How Ina Garten, the Barefoot Contessa, Has Become More Popular in Quarantine

Her first book, “The Barefoot Contessa Cookbook,” published in 1999, is a culinary time capsule, preserving the recipes from Barefoot Contessa, the food store she ran in the Hamptons from 1978 to 1996, when the neighborhood was still a place to escape urban hassles like parking tickets and dress codes. Paul McCartney or Annie Leibovitz might stop to pick up sandwiches on the way to the beach, or post-aerobics class for iced coffee and banana crunch muffins.

“Turkey meatloaf, barbecued chicken and orzo with roasted vegetables, and coconut cupcakes,” said Antonia Bellanca, who owned a flower shop a few doors down in East Hampton and worked on many of the same parties that Ms. Garten catered. “I still wish that I could stop there every Friday night and buy food that I know everyone will like.”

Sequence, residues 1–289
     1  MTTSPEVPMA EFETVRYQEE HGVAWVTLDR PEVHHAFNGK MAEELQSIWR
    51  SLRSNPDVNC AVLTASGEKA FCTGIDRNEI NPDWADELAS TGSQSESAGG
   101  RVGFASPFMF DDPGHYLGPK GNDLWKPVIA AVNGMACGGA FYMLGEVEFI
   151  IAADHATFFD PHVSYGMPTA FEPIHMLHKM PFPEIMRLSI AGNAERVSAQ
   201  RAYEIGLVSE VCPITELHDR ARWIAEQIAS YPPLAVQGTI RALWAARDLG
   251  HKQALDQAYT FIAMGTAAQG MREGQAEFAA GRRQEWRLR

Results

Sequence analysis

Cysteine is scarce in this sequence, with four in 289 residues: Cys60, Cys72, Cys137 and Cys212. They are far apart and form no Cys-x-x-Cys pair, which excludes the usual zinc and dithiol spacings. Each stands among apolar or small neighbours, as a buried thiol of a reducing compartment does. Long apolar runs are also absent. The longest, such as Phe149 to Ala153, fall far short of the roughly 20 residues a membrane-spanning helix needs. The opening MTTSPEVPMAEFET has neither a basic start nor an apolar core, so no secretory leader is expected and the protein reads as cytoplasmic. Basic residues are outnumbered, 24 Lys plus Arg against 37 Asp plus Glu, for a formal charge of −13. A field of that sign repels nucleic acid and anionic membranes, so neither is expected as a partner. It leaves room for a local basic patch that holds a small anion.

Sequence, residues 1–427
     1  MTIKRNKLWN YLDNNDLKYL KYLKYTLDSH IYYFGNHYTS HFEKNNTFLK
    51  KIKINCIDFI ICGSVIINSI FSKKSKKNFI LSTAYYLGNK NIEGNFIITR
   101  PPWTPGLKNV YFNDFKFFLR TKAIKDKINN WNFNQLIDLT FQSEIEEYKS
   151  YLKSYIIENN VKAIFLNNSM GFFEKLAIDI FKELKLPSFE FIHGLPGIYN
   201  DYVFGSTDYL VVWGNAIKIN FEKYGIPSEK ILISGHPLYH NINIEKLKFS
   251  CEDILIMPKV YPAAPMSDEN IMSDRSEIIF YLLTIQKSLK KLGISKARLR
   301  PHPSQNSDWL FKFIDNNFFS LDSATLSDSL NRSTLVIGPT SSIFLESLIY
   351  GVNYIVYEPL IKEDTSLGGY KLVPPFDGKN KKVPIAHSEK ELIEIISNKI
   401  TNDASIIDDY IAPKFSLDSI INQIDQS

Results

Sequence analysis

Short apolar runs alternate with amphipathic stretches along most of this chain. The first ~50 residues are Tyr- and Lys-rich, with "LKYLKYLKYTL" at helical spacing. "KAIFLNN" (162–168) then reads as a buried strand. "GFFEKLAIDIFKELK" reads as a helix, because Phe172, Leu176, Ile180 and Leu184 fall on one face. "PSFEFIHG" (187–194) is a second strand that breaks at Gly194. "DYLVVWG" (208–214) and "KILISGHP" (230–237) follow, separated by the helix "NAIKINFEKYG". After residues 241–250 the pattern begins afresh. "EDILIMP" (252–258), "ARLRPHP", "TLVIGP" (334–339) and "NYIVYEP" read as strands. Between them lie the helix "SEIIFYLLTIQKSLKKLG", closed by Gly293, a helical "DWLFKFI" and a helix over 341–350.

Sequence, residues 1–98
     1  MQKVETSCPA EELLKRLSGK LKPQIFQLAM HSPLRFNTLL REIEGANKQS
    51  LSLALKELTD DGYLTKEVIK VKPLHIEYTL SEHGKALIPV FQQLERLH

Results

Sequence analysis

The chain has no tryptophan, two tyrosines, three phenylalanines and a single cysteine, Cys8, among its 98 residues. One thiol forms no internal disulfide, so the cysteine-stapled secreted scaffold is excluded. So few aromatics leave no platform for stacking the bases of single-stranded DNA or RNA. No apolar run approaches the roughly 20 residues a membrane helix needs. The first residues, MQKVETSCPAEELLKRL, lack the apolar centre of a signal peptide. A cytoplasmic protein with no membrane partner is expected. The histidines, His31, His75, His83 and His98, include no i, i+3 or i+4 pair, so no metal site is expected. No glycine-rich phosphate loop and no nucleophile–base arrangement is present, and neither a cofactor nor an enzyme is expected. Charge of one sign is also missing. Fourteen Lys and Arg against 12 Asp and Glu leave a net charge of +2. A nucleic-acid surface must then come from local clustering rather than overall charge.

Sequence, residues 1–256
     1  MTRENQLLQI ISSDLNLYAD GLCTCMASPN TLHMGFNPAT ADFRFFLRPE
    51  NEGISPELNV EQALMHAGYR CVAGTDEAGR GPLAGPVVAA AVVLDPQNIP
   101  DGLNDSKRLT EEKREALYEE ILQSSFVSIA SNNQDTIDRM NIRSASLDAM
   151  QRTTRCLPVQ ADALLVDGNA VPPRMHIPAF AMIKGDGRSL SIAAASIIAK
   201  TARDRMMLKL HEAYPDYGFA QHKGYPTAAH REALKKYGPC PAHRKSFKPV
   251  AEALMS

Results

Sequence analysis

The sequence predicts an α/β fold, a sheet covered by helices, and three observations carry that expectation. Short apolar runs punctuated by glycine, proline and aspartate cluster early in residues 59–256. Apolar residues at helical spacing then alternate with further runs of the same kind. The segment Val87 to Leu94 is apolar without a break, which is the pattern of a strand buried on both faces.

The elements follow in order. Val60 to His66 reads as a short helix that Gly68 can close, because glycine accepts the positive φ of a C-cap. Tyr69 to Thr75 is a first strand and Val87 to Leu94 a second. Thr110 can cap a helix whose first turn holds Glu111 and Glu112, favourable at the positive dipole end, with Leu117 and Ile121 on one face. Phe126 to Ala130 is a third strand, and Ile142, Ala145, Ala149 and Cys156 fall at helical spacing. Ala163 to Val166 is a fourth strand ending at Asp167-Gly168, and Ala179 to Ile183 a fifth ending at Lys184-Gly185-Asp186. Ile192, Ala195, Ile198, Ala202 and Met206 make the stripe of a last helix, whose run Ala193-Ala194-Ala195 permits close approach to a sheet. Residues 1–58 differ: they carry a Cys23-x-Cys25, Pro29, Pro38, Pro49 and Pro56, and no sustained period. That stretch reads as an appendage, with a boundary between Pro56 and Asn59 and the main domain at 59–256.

Ms. Garten arrived there from the Jimmy Carter White House, where she was an analyst in the Office of Management and Budget (and one of only two women in her department). She had cooked her way through Julia Child’s first two books as a budding political hostess while Mr. Garten worked at the State Department, and was ready for a second career; Mr. Garten went to work on Wall Street. Her decision not to have children, rare for a young woman back then, freed up a lot of time for work in her 30s and 40s; she was 51 when her first book was published.

As a caterer, she built a reputation as a reliable perfectionist, and in its heyday, Barefoot Contessa helped define “the Hamptons” to the world outside, made it an international destination and established a style of beachy, casual luxury that persists there today (at a much higher price point).

When she and Jeffrey went into lockdown in March, the work did not stop. In addition to becoming her own social media manager, she has taken over production of her new show, “The Best of Barefoot Comfort,” acting as her own hair and makeup team, camerawoman, director, audio tech and food stylist.

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